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Research Spending & Results

Award Detail

Awardee:RUTGERS, THE STATE UNIVERSITY OF NEW JERSEY
Doing Business As Name:Rutgers University New Brunswick
PD/PI:
  • Siddhartha Sahi
  • (848) 445-7973
  • sahi@math.rutgers.edu
Award Date:07/11/2020
Estimated Total Award Amount: $ 131,554
Funds Obligated to Date: $ 131,554
  • FY 2020=$131,554
Start Date:08/01/2020
End Date:07/31/2023
Transaction Type:Grant
Agency:NSF
Awarding Agency Code:4900
Funding Agency Code:4900
CFDA Number:47.049
Primary Program Source:040100 NSF RESEARCH & RELATED ACTIVIT
Award Title or Description:NSF-BSF Research in Representation Theory with Applications to Number Theory and Physics
Federal Award ID Number:2001537
DUNS ID:001912864
Parent DUNS ID:001912864
Program:ALGEBRA,NUMBER THEORY,AND COM
Program Officer:
  • James Matthew Douglass
  • (703) 292-2467
  • mdouglas@nsf.gov

Awardee Location

Street:33 Knightsbridge Road
City:Piscataway
State:NJ
ZIP:08854-3925
County:Piscataway
Country:US
Awardee Cong. District:06

Primary Place of Performance

Organization Name:Rutgers University New Brunswick
Street:110 Frelinghuysen Road
City:Piscataway
State:NJ
ZIP:08854-8019
County:Piscataway
Country:US
Cong. District:06

Abstract at Time of Award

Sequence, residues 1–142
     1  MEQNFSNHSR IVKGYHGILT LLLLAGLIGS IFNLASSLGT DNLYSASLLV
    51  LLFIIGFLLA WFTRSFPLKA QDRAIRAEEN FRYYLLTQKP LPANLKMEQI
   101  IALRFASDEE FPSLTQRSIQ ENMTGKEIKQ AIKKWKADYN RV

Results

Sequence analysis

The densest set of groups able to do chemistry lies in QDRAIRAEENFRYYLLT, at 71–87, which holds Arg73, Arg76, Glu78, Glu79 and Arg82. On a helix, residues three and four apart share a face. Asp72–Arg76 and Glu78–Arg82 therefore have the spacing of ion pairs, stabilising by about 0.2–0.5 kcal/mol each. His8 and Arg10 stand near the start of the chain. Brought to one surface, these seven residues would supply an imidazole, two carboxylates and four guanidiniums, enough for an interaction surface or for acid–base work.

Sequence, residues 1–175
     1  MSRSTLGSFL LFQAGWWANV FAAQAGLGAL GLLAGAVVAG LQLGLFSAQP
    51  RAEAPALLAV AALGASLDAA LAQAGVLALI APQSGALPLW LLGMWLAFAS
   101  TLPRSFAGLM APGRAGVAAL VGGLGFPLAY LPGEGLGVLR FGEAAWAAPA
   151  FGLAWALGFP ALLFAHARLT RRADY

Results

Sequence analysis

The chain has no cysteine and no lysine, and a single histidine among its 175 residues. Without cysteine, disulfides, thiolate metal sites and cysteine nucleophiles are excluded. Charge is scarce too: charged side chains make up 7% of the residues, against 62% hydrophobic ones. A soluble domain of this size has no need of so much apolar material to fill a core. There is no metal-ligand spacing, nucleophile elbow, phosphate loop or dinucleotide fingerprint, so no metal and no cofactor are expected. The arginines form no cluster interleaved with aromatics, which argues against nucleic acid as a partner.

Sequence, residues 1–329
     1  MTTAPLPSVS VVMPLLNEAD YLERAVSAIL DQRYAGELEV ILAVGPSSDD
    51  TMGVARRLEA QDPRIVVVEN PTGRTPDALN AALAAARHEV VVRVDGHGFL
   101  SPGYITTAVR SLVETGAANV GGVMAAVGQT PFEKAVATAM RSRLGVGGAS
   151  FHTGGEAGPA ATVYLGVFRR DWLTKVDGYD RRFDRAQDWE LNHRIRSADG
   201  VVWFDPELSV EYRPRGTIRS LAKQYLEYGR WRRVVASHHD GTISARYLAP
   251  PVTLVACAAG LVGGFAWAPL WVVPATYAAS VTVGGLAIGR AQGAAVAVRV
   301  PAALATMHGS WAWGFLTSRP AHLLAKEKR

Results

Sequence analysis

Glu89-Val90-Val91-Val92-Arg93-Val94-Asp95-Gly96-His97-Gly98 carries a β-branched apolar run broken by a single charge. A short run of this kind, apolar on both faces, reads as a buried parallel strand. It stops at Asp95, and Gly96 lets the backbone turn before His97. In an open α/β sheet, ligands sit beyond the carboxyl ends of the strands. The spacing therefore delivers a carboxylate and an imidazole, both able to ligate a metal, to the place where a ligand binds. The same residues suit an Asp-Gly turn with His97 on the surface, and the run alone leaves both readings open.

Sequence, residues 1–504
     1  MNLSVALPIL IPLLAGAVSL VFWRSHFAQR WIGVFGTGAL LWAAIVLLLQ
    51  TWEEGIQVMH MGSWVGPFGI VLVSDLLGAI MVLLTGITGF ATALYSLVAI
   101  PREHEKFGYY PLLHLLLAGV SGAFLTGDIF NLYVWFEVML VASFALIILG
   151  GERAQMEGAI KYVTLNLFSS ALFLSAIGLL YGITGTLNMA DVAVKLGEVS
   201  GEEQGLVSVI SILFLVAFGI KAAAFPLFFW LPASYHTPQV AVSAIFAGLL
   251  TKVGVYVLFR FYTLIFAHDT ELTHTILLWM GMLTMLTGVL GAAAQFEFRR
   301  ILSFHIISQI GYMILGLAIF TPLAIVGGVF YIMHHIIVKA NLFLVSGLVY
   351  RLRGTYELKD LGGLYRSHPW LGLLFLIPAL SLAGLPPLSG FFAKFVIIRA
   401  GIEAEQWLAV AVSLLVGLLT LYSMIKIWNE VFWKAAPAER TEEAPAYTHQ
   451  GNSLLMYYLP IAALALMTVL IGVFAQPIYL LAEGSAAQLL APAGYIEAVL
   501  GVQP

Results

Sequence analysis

Representation theory is the study of linear symmetries. Since there are many symmetries in nature, and since linear methods are powerful and efficient, this subject has found numerous applications in mathematics, physics, chemistry, and computer science. Classically, representations of finite or compact groups were studied. The current project concerns representations of infinite, non-compact, algebraic groups, and the PI and his collaborator will study more recent mathematical structures such as Lie supergroups, quantum groups, and double affine Hecke algebras. Each of these topics has been an active area of modern mathematical research for many years, yet many important questions remain open. The resolution of the questions answered in this project will lead to significant new applications in number theory, combinatorics, and physics. The main part of the project is dedicated to the study of automorphic representations and will be pursued by the PI and an Israeli collaborator D. Gourevitch. This is a subject of central importance in the Langlands program in number theory, and recently of much interest in string theory. The PI and Gourevitch will employ the method of Whittaker functionals, which are a traditional tool for studying large automorphic representations. However the PI and collaborators have recently introduced a more refined class of functionals, which are well-adapted to studying small representations. This will have applications to quantum gravity, where small automorphic representations arise as certain quantum corrections to Einstein's theory of general relativity. The second part of the project will study higher dimensional analogs of Dirichlet series, which generalize the celebrated Riemann zeta function. The PI will study these series using double affine Hecke algebra, which are a traditional tool for understanding the symmetries of Macdonald polynomials -- themselves a central object of study in algebraic combinatorics. The PI and collaborators have recently discovered a new class of representations of these algebras, called metaplectic representations, that hold considerable promise for studying multiple Dirichlet series. The third part of the project will develop the theory of Capelli differential operators. These operators have their origin in classical invariant theory, which comprised a large part of 19th century mathematics. They also played a key role in Atiyah-Bott-Patodi approach to the index theorem, which is a highlight of 20th century mathematics. The PI and collaborators will extend Capelli operators to the modern realms of Lie superalgebras and quantum groups. This award reflects NSF's statutory mission and has been deemed worthy of support through evaluation using the Foundation's intellectual merit and broader impacts review criteria.

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